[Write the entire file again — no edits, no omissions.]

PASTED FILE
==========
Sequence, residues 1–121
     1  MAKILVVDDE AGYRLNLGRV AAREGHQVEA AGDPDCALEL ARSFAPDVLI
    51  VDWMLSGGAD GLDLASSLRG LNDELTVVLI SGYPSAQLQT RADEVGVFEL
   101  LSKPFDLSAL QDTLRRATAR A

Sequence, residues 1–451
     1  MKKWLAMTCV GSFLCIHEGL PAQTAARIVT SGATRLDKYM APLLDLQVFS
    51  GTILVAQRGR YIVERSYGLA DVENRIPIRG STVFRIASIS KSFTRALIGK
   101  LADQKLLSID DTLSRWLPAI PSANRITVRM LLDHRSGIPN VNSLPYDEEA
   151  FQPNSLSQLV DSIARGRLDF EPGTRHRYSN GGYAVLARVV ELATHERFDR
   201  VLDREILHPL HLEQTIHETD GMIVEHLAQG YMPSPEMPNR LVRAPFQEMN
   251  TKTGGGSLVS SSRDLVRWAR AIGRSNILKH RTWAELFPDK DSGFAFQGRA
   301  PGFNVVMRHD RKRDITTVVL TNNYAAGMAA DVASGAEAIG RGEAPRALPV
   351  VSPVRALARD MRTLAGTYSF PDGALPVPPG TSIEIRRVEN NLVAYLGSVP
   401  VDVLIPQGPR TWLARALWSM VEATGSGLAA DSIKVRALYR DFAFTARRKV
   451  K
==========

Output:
Sequence, residues 1–121
     1  MAKILVVDDE AGYRLNLGRV AAREGHQVEA AGDPDCALEL ARSFAPDVLI
    51  VDWMLSGGAD GLDLASSLRG LNDELTVVLI SGYPSAQLQT RADEVGVFEL
   101  LSKPFDLSAL QDTLRRATAR A

Sequence, residues 1–451
     1  MKKWLAMTCV GSFLCIHEGL PAQTAARIVT SGATRLDKYM APLLDLQVFS
    51  GTILVAQRGR YIVERSYGLA DVENRIPIRG STVFRIASIS KSFTRALIGK
   101  LADQKLLSID DTLSRWLPAI PSANRITVRM LLDHRSGIPN VNSLPYDEEA
   151  FQPNSLSQLV DSIARGRLDF EPGTRHRYSN GGYAVLARVV ELATHERFDR
   201  VLDREILHPL HLEQTIHETD GMIVEHLAQG YMPSPEMPNR LVRAPFQEMN
   251  TKTGGGSLVS SSRDLVRWAR AIGRSNILKH RTWAELFPDK DSGFAFQGRA
   301  PGFNVVMRHD RKRDITTVVL TNNYAAGMAA DVASGAEAIG RGEAPRALPV
   351  VSPVRALARD MRTLAGTYSF PDGALPVPPG TSIEIRRVEN NLVAYLGSVP
   401  VDVLIPQGPR TWLARALWSM VEATGSGLAA DSIKVRALYR DFAFTARRKV
   451  K